Rose winced at his words. She was sure that he felt something for her. After Krop Tor she half expected him to admit his feelings on the spot. What she wasn’t sure of was why he was so adamant to hide his feelings. By staying with him, she had made her feelings perfectly clear. It was his turn to make a move.

“You seriously are just mates?” Donna asked incredulously, turning to Rose.

Rather than agreeing or disagreeing, Rose just shrugged and gave a forced smile. Donna could interpret that however she chose.

Again changing the subject, the Doctor asked, “What does HC Clements do?”

“Oh security systems. You know, entry codes, ID cards, that sort of thing. If you ask me, it's a posh name for
locksmiths.”

“Keys,” the Doctor replied.

“Anyway, enough of my CV. Come on, it's time to face the consequences. Oh, this is going to be so shaming. You can do the explaining, Martian boy,” Donna replied, standing up and moving toward the door that led to the stairs.
“Yeah. I’m not from Mars,” the Doctor said again, to no one in particular as Rose was walking in step with Donna.

He followed a few steps behind and listened to Donna go on about the wedding. “Oh, I had this great big reception all planned. Everyone's going to be heartbroken…”

Chapter Text

When they arrived at the reception, it was in full swing, despite the missing bride. It took a moment for anyone to register what was going on, but once people realized that Donna had finally reappeared, the room fell silent.

“You had the reception without me?” Donna asked.

A man pushed his way through the crowd to reach her. “Donna, what happened to you?” he asked.

“You had the reception without me?” Donna repeated, a little louder and a little more upset.

The Doctor reached around Donna to shake the man’s hand. “Hello, I’m the Doctor.” Rose elbowed him to let him know that now was not the time. Donna needed to work this out before any introductions were made.

Donna turned to look at the Doctor and Rose. “They had the reception without me.”

“Yes, I gathered,” the Doctor said.

Rose reached out and placed a hand on the woman’s arm. “I’m so sorry Donna.”

“Well, it was all paid for. Why not?” A girl off to the side asked.

“Thank you, Nerys,” Donna snapped.

Then an older woman that looked to be Donna’s mother butted in. “Well, what were we supposed to do? You just disappeared. What the hell happened? How did you do it? I mean, what’s the trick. I’d love to know.”

They all started talking at once, overwhelming Donna. When it looked like the woman was about to start crying, Rose finally snapped. “Hey! Leave her alone. Can’t you see she’s upset? She’s clearly had a very stressful day. She missed her own wedding for goodness sake, and all you can do is yell at her? I don’t know who you think you are to treat her like that, but I won’t stand for it.”

Everyone backed down, looking a bit ashamed except for Donna’s mother. “Well who do you think you are little missy? Trying to tell her family and friends what to do?”

“I’m the person that found her and had been trying to get her back to you all, that’s who I am. And I seem to be the only person actually concerned with how she is feeling, so there,” Rose replied, standing her ground in the face of the woman’s anger.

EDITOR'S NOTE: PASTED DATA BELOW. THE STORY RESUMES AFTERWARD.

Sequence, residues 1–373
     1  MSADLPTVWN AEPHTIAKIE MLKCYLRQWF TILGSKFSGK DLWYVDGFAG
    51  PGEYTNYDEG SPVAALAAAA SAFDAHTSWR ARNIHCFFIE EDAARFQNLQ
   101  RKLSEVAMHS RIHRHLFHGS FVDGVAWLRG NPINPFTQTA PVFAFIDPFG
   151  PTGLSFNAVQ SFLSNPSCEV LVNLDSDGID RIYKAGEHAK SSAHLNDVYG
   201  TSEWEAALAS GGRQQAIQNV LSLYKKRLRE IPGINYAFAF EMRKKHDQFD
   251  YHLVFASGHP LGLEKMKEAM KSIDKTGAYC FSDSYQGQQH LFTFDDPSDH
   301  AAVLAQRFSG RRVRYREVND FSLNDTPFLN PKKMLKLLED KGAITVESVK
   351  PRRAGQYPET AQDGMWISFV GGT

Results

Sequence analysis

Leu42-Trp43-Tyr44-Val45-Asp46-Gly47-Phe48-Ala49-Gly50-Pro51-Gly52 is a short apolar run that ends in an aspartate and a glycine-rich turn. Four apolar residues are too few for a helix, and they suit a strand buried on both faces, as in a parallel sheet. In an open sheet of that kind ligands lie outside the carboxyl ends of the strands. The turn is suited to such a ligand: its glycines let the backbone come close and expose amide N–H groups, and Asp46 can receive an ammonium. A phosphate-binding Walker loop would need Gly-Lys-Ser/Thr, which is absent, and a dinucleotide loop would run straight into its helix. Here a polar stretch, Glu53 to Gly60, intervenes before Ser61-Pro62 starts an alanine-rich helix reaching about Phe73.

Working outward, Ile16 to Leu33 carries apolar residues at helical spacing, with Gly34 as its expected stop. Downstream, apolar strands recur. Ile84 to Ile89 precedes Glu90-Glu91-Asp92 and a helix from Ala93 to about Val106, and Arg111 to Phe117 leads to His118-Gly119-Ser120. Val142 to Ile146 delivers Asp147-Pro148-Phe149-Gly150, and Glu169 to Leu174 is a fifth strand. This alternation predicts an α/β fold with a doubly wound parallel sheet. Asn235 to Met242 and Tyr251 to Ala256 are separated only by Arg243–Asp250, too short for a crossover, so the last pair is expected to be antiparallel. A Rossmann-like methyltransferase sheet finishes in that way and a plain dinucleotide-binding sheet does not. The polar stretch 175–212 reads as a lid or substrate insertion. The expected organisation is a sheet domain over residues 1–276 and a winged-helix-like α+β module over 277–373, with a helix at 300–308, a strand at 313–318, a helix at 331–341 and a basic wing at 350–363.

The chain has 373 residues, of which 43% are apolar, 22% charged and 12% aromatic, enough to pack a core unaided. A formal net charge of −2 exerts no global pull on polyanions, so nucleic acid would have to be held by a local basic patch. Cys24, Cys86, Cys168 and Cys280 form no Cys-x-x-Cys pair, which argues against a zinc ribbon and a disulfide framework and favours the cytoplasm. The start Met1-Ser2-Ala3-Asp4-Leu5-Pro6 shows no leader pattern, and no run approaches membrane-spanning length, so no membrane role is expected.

At that moment, Donna burst into tears, successfully distracting her mum from Rose. She winked at the Doctor and Rose, letting them know it was all an act, but it clearly worked. Everyone who had been yelling at her moments before was now soothing her and doting on her. Rose and the Doctor took this as their cue to get out of the drama.

“Looks like Donna has this handled,” Rose remarked to the Doctor as they stood to the side, watching everyone slowly resume the party.

“Still good of you to stand up for her,” the Doctor replied.

“What else could I do?” Rose asked. “Just let them yell at her? I wasn’t kidding when I said she had had a rough day.”

The Doctor smiled at her. “That’s what I love about you,” he blurted out without thinking. Hoping to cover his mistake and distract her from his wording, he continued, “You always stand up for others. You can’t stand injustice in any form. Like that time in Cardiff, with Charles Dickens…”

Rose elbowed him with a smile. “That why you keep me around then? So you can just set me loose on people to yell at them?”

They both laughed at that, and they stood at the bar in comfortable silence for a minute before the Doctor asked Rose for her phone.

“Sure, but what do you need it for?” Rose asked.

“I want to do some digging into HC Clements,” the Doctor explained. Rose handed him the phone, and then settled in to quietly watch Donna dancing with the man from earlier, who was obviously her fiancé, Lance. After a minute, someone in the corner caught Rose’s eye.

“Doctor, look there. It’s the wedding photographer,” Rose whispered.

“Yes, I suppose it is. I don’t think getting your picture taken is the best idea right now though, Rose. You are trying to
convince the world that you’re dead,” the Doctor replied, still intensely focused on whatever he was reading about the company.

“No, Doctor. I don’t want to get a picture taken. I want to look at the pictures he already has,” Rose explained.